The Domino effect

Sometimes in life you have a moment, it may only last for a second, but it’s a moment of clarity, a moment where everything is put into perspective. One or all five of your sensors are engaged. You see, smell, taste, hear or touch something; and you know your life will never be the same again.

While over looking a village in Bhaktapur after a conversation with a local woman, I have a moment. Even though I have been living in Nepal since the earthquake, I’m still surprised by how much the earthquake has affected its people.

The loss and the destruction is devastating; however what I didn’t realize until now is that even if people have a safe and waterproof house, clothing and medicine they are often lacking food, or the money to buy food.


People and villages who were self-sufficient before the quake; now rely heavily on aid. In these communities they would barter with each other for what they needed. There is never much of an exchange of money. Now, however, much of their land is not usable due to rubble or the crops have been destroyed.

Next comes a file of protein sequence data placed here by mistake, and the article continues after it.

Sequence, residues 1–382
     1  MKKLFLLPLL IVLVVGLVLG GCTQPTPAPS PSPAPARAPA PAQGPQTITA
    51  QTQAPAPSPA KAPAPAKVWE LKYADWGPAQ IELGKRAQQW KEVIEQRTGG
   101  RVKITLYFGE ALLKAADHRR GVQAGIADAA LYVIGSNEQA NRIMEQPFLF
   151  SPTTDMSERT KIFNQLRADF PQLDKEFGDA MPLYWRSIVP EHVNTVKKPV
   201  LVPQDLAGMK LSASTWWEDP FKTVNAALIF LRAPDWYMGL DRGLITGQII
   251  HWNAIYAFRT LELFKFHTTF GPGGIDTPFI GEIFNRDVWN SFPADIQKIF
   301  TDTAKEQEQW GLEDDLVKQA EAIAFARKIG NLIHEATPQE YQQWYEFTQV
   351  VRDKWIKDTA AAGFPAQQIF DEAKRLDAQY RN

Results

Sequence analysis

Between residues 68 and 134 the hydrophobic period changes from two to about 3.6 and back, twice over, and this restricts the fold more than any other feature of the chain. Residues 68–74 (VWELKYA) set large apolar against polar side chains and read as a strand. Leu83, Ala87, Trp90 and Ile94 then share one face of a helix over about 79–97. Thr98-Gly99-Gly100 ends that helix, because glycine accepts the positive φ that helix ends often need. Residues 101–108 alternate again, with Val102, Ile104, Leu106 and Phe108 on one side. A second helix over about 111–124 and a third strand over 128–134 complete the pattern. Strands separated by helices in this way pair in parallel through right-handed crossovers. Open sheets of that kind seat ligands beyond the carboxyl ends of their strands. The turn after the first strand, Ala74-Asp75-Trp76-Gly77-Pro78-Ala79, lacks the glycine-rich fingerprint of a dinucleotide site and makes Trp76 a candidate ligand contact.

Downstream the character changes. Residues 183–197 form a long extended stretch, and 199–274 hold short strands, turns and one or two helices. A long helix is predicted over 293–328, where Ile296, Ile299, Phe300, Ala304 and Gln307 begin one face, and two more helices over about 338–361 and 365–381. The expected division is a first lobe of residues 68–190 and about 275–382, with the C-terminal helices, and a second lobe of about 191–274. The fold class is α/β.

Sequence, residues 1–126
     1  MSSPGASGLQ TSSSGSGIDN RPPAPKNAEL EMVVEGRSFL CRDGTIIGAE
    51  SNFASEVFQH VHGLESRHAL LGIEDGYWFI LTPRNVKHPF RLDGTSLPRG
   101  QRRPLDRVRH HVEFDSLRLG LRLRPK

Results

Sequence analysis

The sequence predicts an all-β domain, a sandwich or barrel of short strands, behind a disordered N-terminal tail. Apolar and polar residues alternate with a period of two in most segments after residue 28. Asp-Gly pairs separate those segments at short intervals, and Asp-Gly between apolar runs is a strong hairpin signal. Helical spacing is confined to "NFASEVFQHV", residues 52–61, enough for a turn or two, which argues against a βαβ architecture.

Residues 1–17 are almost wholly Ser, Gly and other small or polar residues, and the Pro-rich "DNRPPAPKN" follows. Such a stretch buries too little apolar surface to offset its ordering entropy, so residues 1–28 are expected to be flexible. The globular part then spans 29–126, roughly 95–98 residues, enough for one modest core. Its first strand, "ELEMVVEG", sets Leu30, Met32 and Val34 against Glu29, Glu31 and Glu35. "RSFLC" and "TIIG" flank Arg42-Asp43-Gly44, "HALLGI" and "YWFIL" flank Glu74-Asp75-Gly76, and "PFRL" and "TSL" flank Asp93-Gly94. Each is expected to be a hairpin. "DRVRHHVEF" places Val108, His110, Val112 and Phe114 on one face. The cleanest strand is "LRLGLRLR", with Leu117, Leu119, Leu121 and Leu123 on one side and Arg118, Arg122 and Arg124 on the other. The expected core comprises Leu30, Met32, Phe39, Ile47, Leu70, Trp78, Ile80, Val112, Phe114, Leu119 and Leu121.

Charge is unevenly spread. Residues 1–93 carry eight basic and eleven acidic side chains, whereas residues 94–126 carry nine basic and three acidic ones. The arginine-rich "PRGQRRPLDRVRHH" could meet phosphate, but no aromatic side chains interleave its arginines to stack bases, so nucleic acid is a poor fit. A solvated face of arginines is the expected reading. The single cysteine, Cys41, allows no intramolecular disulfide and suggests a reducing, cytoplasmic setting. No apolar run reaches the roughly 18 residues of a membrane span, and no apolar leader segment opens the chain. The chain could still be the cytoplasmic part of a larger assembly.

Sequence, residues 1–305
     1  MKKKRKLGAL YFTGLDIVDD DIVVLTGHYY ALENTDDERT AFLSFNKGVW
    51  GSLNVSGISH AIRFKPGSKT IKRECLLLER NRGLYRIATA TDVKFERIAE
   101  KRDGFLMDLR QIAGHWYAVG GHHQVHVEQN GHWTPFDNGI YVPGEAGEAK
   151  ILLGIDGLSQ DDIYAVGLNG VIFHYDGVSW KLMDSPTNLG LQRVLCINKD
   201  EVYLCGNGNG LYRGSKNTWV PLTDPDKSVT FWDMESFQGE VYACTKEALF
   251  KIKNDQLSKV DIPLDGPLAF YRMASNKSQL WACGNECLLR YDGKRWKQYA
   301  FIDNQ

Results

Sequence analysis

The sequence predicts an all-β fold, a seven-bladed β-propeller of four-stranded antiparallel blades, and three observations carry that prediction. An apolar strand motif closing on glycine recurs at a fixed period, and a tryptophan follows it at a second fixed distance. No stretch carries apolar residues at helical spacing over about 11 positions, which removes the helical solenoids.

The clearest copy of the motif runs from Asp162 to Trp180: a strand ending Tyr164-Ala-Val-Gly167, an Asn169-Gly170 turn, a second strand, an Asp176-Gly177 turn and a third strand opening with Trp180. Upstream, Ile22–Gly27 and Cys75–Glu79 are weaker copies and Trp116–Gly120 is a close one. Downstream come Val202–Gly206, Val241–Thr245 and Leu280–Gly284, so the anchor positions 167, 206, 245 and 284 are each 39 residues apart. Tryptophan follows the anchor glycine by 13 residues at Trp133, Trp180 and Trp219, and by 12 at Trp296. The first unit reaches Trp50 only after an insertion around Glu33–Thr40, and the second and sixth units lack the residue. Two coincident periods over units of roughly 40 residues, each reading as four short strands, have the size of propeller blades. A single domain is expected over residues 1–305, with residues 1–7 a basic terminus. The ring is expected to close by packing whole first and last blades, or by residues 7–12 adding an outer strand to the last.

It is too late in the season to be planting new crops. Many people will have to wait for the monsoon to finish, before the next crop can be planted and then wait again until it is ready to be harvested. However, in the meantime, they need to purchase their food…but with what money?

Kids with food

Therefore, my moment isn’t about the devastation I see but rather the realization of how much this earthquake has had a domino effect on the lives of so many. I have such admiration for these people. People who are still able to smile and laugh when there is so much stress. Constantly asking themselves how and where are they going to get their next meal.


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Tahlia Van De Beld is currently working with Metamorphic in Nepal
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